The New York Times has a great article, How Design for One Turns Into Design for All. It traces the number of designs that were originally meant to solve the problem for one person and later it was found many others could use the item too. The article also addresses the issue of ugliness; most designs for people with disability have been constructed by engineers without any user input. Those days are starting to disappear. Prosthetic limbs in different designs is one case in point. You can’t hide the prosthesis but there is no need to make it ugly – or too sci-fi either. This statement says much:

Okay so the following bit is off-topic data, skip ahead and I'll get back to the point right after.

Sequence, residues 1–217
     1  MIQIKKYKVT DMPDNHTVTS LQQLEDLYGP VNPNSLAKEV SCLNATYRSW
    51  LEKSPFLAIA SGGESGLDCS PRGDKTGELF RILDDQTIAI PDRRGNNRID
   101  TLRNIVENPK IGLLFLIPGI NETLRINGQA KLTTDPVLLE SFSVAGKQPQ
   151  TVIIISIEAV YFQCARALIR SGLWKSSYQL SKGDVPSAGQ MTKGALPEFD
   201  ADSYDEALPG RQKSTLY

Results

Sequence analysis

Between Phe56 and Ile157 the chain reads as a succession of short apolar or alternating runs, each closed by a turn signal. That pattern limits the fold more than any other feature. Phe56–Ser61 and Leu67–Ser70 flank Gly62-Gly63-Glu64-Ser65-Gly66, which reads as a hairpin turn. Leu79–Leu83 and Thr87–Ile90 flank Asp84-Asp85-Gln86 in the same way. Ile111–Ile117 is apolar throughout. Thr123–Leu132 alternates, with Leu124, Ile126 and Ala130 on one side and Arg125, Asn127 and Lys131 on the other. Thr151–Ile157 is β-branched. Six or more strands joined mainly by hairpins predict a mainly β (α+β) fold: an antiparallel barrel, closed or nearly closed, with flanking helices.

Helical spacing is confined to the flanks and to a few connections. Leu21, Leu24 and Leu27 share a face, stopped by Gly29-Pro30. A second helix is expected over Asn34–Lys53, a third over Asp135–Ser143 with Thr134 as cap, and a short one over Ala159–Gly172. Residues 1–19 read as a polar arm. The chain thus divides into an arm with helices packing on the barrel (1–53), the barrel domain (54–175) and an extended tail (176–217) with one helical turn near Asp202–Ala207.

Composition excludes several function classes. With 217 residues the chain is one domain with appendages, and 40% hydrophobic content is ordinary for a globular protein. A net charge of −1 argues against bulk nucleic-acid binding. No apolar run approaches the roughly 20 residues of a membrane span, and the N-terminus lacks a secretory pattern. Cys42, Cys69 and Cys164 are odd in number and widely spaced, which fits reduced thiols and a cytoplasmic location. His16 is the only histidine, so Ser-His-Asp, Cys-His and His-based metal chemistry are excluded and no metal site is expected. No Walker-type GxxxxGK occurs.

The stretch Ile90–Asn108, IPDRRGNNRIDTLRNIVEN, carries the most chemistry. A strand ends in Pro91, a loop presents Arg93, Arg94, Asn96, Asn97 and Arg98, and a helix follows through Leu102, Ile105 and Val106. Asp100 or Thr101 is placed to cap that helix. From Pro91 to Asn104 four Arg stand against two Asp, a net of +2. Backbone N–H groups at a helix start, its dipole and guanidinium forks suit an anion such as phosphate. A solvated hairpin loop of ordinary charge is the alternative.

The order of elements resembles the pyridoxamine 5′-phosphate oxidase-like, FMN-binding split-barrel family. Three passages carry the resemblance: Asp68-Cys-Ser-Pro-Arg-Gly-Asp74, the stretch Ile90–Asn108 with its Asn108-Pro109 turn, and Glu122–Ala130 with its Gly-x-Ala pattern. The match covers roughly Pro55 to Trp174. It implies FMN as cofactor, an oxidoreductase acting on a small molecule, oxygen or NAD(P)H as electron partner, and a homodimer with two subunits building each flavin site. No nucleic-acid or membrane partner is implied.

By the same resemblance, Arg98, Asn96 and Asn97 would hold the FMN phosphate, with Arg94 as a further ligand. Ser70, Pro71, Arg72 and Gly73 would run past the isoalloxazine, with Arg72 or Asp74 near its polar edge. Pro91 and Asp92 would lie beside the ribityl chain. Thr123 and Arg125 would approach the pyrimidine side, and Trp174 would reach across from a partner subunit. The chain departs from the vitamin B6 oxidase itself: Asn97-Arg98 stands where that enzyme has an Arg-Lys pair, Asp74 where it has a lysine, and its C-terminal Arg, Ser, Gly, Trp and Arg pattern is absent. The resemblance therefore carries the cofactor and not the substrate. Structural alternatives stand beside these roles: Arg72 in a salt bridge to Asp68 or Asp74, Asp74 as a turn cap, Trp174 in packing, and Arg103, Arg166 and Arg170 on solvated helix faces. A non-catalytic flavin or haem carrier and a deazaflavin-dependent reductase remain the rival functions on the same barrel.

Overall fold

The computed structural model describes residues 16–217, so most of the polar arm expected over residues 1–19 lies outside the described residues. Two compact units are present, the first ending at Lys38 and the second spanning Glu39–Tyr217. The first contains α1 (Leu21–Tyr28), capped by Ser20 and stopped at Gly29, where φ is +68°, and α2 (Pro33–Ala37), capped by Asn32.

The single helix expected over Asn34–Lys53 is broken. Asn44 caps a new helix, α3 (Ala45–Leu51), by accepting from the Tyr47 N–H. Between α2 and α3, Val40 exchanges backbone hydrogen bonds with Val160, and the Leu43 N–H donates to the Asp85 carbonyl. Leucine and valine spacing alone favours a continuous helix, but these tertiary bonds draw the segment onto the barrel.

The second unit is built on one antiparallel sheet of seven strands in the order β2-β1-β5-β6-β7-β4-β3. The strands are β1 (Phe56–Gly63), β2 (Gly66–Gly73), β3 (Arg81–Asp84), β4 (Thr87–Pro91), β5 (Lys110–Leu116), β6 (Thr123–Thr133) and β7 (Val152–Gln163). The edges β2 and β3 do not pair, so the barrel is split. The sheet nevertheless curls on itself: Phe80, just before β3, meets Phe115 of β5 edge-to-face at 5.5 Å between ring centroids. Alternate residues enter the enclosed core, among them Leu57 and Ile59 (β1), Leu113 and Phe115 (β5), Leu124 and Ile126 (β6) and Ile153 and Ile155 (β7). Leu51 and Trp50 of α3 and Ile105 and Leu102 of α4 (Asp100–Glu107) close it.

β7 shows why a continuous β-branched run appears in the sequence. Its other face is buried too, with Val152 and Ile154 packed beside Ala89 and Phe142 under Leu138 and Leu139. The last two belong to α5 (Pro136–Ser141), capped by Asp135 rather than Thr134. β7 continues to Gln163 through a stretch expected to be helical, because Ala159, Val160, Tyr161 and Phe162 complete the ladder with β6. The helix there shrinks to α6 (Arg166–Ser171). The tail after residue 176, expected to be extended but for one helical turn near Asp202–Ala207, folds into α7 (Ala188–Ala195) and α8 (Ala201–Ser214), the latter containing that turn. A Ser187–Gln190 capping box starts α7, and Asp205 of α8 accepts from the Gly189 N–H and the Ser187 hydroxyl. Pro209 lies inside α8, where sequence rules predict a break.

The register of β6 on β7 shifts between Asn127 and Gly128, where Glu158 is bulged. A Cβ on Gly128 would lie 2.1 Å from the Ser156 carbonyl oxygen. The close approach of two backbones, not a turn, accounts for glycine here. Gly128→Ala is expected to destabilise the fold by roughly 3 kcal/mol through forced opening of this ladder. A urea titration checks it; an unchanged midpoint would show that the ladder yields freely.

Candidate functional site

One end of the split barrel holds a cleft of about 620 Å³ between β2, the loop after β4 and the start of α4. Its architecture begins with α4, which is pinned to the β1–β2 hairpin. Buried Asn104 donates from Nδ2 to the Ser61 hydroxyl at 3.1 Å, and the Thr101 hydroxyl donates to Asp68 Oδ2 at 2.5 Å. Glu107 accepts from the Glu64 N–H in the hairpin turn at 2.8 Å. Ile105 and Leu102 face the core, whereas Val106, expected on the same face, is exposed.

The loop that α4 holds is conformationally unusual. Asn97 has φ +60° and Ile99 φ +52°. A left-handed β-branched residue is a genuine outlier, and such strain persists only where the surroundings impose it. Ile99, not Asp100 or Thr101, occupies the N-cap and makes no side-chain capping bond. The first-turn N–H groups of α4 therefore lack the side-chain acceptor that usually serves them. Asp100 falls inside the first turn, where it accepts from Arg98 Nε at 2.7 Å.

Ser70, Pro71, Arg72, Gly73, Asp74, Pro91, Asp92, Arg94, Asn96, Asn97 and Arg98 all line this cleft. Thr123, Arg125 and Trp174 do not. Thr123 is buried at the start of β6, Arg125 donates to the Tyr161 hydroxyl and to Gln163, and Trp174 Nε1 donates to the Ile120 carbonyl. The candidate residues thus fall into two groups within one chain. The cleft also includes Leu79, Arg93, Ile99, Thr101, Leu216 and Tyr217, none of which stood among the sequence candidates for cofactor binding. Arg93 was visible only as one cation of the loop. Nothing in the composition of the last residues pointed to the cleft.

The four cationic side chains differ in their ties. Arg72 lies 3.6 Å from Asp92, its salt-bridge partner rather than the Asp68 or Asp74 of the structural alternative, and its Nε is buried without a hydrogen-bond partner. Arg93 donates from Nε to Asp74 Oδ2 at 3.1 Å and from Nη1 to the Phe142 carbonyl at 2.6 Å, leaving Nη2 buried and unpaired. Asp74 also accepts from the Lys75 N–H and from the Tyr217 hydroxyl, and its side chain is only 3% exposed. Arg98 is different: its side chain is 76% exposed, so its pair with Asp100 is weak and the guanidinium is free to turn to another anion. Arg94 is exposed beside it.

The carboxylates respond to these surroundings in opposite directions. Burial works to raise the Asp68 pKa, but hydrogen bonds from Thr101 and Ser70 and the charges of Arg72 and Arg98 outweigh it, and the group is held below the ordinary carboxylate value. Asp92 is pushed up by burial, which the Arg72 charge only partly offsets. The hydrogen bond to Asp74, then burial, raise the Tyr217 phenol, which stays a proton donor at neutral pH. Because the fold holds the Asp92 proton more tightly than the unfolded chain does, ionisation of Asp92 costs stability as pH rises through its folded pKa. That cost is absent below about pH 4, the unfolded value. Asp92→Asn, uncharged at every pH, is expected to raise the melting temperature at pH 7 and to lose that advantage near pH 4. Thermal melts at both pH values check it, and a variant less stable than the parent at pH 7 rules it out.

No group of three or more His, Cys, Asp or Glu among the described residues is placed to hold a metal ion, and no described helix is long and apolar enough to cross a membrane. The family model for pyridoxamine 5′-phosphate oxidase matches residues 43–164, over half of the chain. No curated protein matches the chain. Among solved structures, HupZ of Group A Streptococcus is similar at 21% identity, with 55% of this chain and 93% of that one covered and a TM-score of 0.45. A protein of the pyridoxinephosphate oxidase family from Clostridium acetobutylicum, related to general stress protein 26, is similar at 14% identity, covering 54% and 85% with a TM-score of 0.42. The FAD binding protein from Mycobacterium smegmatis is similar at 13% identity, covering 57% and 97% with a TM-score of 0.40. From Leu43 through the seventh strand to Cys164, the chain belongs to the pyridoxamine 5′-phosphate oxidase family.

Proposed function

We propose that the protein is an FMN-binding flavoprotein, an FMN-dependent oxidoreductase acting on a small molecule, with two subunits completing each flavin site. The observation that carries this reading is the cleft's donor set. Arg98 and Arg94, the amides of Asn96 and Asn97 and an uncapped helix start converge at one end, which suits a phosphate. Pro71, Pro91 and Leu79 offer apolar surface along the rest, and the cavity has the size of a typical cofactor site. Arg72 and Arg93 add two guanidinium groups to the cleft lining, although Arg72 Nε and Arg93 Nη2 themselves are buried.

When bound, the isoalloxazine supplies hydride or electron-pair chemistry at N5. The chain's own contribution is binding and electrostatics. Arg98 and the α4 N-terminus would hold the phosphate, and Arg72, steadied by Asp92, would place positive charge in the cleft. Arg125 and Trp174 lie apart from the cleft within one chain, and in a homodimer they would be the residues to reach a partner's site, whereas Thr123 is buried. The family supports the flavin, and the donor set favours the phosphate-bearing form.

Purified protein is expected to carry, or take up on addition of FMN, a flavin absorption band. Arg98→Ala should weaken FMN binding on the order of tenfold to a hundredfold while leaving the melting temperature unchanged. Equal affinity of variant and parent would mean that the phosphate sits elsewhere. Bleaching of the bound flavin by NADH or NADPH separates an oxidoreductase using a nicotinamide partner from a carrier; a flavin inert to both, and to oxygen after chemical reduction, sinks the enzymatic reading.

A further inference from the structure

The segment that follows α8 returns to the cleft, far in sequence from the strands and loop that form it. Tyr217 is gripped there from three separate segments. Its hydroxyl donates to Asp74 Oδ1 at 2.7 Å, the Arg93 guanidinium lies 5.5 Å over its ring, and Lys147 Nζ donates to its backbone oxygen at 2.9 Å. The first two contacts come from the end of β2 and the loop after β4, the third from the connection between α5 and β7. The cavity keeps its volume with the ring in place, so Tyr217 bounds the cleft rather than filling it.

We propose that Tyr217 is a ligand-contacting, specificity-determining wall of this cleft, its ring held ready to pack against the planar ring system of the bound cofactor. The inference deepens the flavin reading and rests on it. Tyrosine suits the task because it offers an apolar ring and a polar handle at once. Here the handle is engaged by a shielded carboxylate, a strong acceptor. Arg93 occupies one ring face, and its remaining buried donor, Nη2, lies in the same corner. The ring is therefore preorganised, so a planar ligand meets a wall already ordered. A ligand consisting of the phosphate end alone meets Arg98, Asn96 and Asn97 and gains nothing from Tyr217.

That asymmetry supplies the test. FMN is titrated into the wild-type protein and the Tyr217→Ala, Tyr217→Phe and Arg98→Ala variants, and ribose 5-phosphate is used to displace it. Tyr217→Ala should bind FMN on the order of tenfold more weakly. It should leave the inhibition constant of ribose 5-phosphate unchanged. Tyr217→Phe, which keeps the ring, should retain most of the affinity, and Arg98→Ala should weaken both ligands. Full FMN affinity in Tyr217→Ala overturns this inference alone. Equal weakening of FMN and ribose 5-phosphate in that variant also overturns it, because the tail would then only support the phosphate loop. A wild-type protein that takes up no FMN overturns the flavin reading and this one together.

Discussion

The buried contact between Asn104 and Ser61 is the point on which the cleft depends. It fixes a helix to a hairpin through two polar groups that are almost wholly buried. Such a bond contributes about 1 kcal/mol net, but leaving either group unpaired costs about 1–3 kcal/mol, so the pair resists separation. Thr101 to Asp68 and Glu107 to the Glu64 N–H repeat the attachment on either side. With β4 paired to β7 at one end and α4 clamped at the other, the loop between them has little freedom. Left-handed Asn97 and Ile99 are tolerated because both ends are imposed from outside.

“This is plain logic, really. All our shoes, coats and sweaters, the beds we sleep on, the forks and knives we eat with, our lamps and loudspeakers, stairs and elevators, central heat and air-conditioning exist to compensate for what every human being, to some degree, lacks and needs.”
Yes, all technology is “assistive” but “assistive technology” is a term assigned for people with disability and when it comes to design, too often no thought is given to aesthetics. That includes some hideous ramps added to buildings. Lots of pictures illustrate the article.